Ellen Johnson-Sirleaf stands on the doorstep of history - as Liberia's president and Africa's first elected female head of state.
But her entrance could be at least temporarily sidetracked by allegations of fraud by her disgruntled opponent, former soccer star George Weah.
With more than 99 percent of the vote counted, Ms. Johnson-Sirleaf, a Harvard-educated former World Bank official leads the race with 59.6 percent of the vote while Weah trails with 40.4 percent. International observers say the vote was fair. But Weah has lodged a formal complaint.
Cognizant of the violent uprisings that have often preceded - or followed - the rise to power of Liberian leaders, Johnson-Sirleaf knows that her biggest immediate challenge is to placate Weah and his agitated followers.
"Weah could be making legitimate claims here," says Thomas Jaye, a Liberian research fellow at Britain's Birmingham University. "If these claims are true, then the international community [has] to reconsider the results of the elections. And even if Ellen was approved legally as leader, she could remain illegitimate in the eyes of the Liberian people."
Johnson-Sirleaf, however, disagrees. She says the people voted their conscience and she is personally stung by the allegations of fraud.
"Frankly, it's the recent advisers to Mr. Weah that are coming up with this," says Johnson-Sirleaf, sitting in the palaver hut in her yard, wearing eggshell-white jeans. "They are just giving him bad advice. I don't think Mr. Weah himself understands the implications of what he's doing."
But Weah and his youthful supporters are certain that the international observers who declared the elections fair are mistaken. Weah has presented to the media with pre-marked ballots and has issued a formal complaint to the European Commission, which is part of a team that will investigate the claims. The National Elections Commission says it will announce final election results Tuesday.
On Saturday, Liberian riot police and some of the 15,000 United Nations peacekeepers stationed here blocked a small group of Weah demonstrators from getting too close to the UN headquarters. Josephus Eric Kennedy, a political science student atthe university, and says he came to the protest out of curiosity. He says many of the demonstrators took part in the 14-year civil war. If the fraud allegations aren't given credence, the situation "could degenerate into chaos. It warrants an investigation," he says.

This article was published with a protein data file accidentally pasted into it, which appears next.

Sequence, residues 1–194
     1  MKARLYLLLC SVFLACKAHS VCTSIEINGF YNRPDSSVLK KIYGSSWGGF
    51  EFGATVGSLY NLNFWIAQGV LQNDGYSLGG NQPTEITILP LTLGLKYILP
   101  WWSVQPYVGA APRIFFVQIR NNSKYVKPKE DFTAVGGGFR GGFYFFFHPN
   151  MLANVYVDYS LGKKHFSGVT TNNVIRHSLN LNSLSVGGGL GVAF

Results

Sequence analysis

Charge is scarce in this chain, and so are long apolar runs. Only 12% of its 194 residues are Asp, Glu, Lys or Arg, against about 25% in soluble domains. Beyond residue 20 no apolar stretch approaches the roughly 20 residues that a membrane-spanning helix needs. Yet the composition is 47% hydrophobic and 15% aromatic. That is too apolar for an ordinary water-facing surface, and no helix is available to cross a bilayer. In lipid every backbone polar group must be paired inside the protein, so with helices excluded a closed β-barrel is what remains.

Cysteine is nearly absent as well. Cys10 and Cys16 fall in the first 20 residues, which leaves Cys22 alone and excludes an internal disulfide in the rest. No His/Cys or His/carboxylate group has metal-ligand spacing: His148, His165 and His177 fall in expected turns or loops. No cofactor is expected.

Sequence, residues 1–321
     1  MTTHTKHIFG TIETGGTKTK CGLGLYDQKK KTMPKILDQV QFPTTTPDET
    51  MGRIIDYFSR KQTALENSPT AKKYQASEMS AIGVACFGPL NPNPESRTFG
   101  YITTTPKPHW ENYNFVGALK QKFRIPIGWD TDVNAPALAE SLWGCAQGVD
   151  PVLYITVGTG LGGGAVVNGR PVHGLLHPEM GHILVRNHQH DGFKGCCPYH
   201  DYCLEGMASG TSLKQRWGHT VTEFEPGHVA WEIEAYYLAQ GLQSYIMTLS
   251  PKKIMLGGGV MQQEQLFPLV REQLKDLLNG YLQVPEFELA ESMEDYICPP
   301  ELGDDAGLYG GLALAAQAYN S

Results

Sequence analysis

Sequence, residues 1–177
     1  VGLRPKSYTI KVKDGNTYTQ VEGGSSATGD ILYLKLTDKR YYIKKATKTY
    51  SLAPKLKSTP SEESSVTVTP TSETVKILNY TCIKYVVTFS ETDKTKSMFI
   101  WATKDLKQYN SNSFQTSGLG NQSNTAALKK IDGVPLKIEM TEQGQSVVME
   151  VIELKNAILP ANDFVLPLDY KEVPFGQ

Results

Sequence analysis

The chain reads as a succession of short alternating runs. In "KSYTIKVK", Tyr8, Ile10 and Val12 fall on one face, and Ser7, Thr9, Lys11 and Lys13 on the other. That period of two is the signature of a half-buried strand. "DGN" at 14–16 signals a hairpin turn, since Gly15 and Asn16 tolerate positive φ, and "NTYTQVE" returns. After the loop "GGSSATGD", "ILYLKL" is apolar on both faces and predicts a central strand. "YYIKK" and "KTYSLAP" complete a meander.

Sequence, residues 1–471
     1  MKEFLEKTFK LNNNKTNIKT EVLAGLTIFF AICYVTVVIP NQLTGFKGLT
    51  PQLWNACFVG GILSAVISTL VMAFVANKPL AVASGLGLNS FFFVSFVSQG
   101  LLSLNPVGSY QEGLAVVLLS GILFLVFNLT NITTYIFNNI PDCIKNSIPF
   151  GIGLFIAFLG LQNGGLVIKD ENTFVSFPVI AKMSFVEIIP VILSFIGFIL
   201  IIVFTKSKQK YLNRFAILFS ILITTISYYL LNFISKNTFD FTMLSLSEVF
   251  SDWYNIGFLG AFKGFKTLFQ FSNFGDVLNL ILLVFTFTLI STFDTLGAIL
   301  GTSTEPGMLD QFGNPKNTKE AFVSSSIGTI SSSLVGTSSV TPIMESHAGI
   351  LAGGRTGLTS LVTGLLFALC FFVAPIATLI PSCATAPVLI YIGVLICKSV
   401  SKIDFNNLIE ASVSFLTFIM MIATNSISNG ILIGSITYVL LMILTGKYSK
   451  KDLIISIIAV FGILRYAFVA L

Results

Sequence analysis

Johnson-Sirleaf says that if the National Election Commission certifies her as president, she will invite Weah to join her government. "I'll have to see what he wants," she says, adding that he would make a good Minister of Youth and Sports. "I hope that he can be persuaded to take that. I'm open to dialogue." Other analysts say that Johnson-Sirleaf must reach out beyond Weah. The future of former warlords and disgruntled ex-combatants - many of whom support Weah - is more pressing.
"Ellen needs to worry about the ex-fighters, generally, but she will also need to be worried about the ex-generals in particular," says Mr. Jaye. He says 60,000 to 70,000 ex-combatants haven't been successfully reintegrated into society. "[The former generals], for a long time to come, will be looked upon by the ex-fighters as their commanders. Therefore, the extent to which Ellen deals with them will give confidence to the young fighters about their future. Ellen will need to provide a balance between pursuing justice and reconciliation."
Johnson-Sirleaf, a former regional head of the United Nations Development Program, says rehabilitating the youth is a top priority. While with the UNDP, she was instrumental in working with Valentine Strasser, the 25-year-old military officer from Sierra Leone who overthrew President Joseph Momoh in 1992. She says she will take a similar approach to young - potentially disruptive - former Liberian rebel leaders.
She also intends to look at former post-conflict countries for lessons on how to successfully integrate opposition leaders.Steve McDonald, a project director at the Woodrow Wilson Center in Washington, D.C., who helped set up a leadership and rebuilding program in Burundi, says that country could offer a model. "Inclusion in the process is the key. Rogue elements need to be invited in from the cold. They do not normally want to be outside."
Mr. McDonald says it is important that not only Johnson-Sirleaf - but also the international community - reach out to them so they don't feel marginalized.
"I'm going to reach out to them, through telephone calls, personal visits, to assure them that I have absolutely nothing against them," she says. "They may not believe me at first, but ... [those] who have the requisite experience and education, I hope they'll accept some position in the government."
Before the January inauguration, she plans to hold a national conference - open to the public - to discuss everything from land reform to empowering county governments to the concept of national identity.
"A national identity, something that everybody feels that brings them together, we haven't had that," she says. "We've always been America's stepchild - never a truly Africa country, never an American colony. We've got to find that thing that binds us."